Since then, she has started three new companies to help poor families break the cycle of poverty through skill-development and income generation. Revathi now envisions training 10,000 women as taxi drivers and delivery agents in the logistics sector, within the next three years.
Revathi has tapped into the largely under-utilised resource of hardworking, poor, urban women. Not only does she want to elevate their status, she also wants to make this public role (which has a predominantly male domain) accessible to women. She seeks to financially empower girls from families below the poverty line (BPL) to own their vehicles, and earn an income through delivery services, instead of working as domestic helps.
One of the drivers, Saroj Pethe, says, “I will earn a decent income and stand on my feet.” The words vindicate Revathi’s belief that skill-development and provision of tools, without the ‘means’ to use them, is well-intentioned but impractical. Her initiative is based on a holistic approach to female labour-force generation and empowerment.
It is no surprise, therefore, that Revathi was one of the deserving recipients of the ‘Women Transforming India’ awards, 2016.
In 2006, Meenakshi Nayar founded ETASHA Society to function as a bridge connecting underprivileged youth to the growing ‘organised sector’ in industries.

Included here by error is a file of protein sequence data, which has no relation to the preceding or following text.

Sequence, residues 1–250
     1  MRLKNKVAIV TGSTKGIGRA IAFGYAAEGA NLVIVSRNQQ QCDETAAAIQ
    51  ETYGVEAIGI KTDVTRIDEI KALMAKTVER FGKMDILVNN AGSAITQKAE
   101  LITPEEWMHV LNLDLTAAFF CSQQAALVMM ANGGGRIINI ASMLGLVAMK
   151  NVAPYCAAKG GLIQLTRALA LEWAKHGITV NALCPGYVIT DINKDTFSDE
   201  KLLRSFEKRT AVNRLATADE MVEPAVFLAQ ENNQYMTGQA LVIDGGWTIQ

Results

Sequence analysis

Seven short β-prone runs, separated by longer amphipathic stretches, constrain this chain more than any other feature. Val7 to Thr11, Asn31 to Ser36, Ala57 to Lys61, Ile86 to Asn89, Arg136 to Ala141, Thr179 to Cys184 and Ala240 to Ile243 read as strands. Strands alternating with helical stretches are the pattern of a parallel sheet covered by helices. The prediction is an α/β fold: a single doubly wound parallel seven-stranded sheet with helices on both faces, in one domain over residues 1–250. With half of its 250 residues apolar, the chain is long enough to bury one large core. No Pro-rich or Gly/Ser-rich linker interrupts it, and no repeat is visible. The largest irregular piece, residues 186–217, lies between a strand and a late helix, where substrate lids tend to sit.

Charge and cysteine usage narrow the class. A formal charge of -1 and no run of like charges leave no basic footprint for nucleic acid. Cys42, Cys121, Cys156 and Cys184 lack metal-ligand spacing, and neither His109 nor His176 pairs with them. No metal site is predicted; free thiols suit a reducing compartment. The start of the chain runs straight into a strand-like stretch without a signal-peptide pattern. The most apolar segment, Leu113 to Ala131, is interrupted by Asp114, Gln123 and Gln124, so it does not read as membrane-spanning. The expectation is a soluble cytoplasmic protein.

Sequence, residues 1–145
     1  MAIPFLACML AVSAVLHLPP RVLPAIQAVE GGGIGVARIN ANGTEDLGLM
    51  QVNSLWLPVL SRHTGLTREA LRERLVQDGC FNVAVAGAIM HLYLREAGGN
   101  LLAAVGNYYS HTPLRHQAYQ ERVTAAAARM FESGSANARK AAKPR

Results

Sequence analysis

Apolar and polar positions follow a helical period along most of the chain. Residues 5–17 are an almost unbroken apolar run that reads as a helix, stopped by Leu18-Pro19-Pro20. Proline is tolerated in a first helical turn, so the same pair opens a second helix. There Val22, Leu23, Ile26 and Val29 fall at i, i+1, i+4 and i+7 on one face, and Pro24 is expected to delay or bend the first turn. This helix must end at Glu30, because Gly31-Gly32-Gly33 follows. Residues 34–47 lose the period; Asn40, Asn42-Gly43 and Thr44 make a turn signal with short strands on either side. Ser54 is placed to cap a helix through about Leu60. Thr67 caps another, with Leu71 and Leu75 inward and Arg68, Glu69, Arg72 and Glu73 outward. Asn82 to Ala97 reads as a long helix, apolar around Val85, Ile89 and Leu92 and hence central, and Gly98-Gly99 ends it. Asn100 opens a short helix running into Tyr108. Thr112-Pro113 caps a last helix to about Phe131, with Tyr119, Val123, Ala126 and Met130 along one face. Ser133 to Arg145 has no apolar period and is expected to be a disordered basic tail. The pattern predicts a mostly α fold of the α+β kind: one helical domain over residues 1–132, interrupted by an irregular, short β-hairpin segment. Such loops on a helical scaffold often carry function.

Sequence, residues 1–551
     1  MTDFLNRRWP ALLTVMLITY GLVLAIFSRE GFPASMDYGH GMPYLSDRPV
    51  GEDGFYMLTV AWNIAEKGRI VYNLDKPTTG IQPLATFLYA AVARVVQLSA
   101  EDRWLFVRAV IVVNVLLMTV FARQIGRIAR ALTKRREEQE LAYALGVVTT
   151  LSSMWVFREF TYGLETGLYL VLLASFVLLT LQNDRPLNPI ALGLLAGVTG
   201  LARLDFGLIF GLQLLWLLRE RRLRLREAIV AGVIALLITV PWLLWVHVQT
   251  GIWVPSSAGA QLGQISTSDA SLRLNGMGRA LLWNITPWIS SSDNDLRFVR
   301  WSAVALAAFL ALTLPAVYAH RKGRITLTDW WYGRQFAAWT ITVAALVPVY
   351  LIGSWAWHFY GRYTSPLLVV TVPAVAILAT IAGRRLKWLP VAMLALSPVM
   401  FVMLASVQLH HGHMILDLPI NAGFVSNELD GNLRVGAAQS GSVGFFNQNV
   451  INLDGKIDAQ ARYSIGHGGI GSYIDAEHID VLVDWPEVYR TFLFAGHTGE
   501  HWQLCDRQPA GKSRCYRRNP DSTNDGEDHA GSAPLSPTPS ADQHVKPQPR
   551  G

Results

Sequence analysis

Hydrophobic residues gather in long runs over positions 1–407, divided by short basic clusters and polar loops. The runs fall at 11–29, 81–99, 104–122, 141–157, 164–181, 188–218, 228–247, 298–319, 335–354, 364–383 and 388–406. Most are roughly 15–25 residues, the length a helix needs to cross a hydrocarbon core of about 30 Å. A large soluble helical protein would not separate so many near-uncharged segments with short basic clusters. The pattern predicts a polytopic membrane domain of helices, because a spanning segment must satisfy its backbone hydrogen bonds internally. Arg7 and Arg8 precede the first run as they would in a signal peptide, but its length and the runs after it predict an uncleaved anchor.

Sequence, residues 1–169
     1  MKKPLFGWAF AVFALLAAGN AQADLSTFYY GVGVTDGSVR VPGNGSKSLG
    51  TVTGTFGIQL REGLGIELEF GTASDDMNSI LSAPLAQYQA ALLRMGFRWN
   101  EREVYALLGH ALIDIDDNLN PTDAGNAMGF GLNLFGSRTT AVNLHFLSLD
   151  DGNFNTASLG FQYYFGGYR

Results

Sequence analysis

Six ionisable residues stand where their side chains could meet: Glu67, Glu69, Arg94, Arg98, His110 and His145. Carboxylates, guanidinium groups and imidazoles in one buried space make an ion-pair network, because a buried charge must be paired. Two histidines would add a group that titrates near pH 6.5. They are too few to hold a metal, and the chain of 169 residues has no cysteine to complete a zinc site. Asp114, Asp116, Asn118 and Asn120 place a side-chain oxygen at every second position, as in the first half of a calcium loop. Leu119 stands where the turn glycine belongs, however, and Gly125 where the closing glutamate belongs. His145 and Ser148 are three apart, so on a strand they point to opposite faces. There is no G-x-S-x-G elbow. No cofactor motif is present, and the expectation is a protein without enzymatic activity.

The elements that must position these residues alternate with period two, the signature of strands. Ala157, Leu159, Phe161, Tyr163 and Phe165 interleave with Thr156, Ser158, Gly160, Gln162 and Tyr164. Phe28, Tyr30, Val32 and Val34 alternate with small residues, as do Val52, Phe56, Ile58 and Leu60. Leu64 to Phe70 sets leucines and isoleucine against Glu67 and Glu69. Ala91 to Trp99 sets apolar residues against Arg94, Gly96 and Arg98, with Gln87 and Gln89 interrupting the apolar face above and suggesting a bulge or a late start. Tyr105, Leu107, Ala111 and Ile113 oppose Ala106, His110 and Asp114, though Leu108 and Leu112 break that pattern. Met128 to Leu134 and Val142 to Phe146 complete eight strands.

Through its many programs, ETASHA Society has reached more than 10,000 youths. Every year, it helps place over 70% of trainees in jobs that help them break out of the cycle of poverty, and create a better future for themselves and their families.
Armed with a doctorate in organisational behaviour from IIM Ahmedabad, Meenakshi focuses on training and placing underprivileged youth (who have completed their schooling) in entry-level jobs in various sectors – customer service, retail and hospitality sectors, OCE assistance, data entry, accounting in ITES and economic sectors. ETASHA Society also makes use of technology to its fullest extent, which gives trainees the added advantage of possessing expertise in information and communication technologies (ICT) and social media skills, as well.
What makes ETASHA Society different from other vocational training institutes is that it also focusses on personality-development. It strongly emphasises on changing the mindsets of the community through rallies, visits to people’s homes and career melas (career fairs).
Initially, 70% of female trainees dropped out and opted for marriage. However, nowadays, around 57% of the trainees complete their training. Meenakshi’s ETASHA Society has therefore, visibly empowered the lives of many capable, bright people from non-privileged or underprivileged backgrounds.